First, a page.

Monday, November 11, 2019

Robert Burns and The Best Laid Plans of Mice and Men

photo © Mark Butkus 2010
On Turning her up in her Nest, with the Plough, November 1785.

Wee, sleeket, cowran, tim’rous beastie,
O, what a panic’s in thy breastie!
Thou need na start awa sae hasty,
          Wi’ bickerin brattle!
I wad be laith to rin an’ chase thee
          Wi’ murd’ring pattle!

I’m truly sorry Man’s dominion
Has broken Nature’s social union,
An’ justifies that ill opinion,
          Which makes thee startle,
At me, thy poor, earth-born companion,
          An’ fellow-mortal!

I doubt na, whyles, but thou may thieve;
What then? poor beastie, thou maun live!
A daimen-icker in a thrave
          ’S a sma’ request:
I’ll get a blessin wi’ the lave,
          An’ never miss ’t!

Thy wee-bit housie, too, in ruin!
It’s silly wa’s the win’s are strewin!
An’ naething, now, to big a new ane,
          O’ foggage green!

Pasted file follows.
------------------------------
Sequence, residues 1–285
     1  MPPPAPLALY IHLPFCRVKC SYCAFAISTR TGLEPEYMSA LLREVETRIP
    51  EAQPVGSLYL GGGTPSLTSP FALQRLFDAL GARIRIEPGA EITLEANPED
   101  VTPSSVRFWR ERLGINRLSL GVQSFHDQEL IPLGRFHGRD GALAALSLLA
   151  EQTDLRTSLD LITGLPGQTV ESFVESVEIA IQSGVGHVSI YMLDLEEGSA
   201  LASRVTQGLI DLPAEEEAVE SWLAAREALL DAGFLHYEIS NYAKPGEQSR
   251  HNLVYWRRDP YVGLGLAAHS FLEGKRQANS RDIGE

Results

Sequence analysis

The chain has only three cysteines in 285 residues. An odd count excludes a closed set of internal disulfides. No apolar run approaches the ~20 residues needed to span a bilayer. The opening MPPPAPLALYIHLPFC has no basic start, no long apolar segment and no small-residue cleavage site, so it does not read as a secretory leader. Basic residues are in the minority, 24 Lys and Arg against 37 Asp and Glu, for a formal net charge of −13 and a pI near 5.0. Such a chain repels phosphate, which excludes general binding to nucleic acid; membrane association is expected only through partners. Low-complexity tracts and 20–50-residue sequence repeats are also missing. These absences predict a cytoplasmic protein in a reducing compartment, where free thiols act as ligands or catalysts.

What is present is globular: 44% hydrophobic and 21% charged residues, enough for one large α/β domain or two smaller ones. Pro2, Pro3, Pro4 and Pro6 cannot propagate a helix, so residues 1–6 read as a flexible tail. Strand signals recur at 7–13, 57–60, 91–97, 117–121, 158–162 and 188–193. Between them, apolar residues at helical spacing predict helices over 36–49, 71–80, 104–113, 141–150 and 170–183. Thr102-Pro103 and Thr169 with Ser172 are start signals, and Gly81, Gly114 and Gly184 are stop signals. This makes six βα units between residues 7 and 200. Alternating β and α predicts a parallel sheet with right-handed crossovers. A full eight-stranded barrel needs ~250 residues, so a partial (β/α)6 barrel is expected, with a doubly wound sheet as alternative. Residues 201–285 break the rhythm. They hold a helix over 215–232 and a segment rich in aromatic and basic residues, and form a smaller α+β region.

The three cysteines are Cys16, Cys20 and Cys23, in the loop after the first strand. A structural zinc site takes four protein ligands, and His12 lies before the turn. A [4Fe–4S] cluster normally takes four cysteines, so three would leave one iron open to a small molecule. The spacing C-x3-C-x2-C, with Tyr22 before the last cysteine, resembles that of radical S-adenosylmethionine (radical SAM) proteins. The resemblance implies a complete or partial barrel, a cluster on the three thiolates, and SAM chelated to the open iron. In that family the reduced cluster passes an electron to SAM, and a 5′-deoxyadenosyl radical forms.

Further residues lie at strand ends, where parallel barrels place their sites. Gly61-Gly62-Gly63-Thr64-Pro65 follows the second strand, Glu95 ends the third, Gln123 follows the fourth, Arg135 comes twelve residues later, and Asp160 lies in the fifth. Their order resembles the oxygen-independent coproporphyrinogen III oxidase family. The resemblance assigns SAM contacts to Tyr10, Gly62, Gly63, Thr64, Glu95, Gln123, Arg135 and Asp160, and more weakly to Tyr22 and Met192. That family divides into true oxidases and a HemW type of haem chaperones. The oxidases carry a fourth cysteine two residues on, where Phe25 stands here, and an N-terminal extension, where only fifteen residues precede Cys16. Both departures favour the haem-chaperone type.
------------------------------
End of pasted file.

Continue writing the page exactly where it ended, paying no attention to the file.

An’ bleak December’s winds ensuin,
          Baith snell an’ keen!

Thou saw the fields laid bare an’ waste,
An’ weary Winter comin fast,
An’ cozie here, beneath the blast,
          Thou thought to dwell,
Till crash! the cruel coulter past
          Out thro’ thy cell.

That wee-bit heap o’ leaves an’ stibble
Has cost thee monie a weary nibble!
Now thou’s turn’d out, for a’ thy trouble,
          But house or hald,
To thole the Winter’s sleety dribble,
          An’ cranreuch cauld!

But Mousie, thou art no thy-lane,
In proving foresight may be vain:
The best laid schemes o’ Mice an’ Men
          Gang aft agley,
An’ lea’e us nought but grief an’ pain,
          For promis’d joy!

Still, thou art blest, compar’d wi’ me!
The present only toucheth thee:
But Och! I backward cast my e’e,
          On prospects drear!
An’ forward tho’ I canna see,
          I guess an’ fear!


— Robert Burns


To a Mouse by Robert Burns gave the world the phrase, the best laid plans of mice and men can go awry. The poem about a farmer and a recently displaced mouse also served as the title for John Steinbeck's Of Mice and Men.

Born on January 25, 1759 Robert Burns first discovered poetry when he first discovered love at the age of 15. Best known for Tam o' Shanter and Auld Lang Syne, Burns poems, such as, To a Mouse, celebrated Scottish life.









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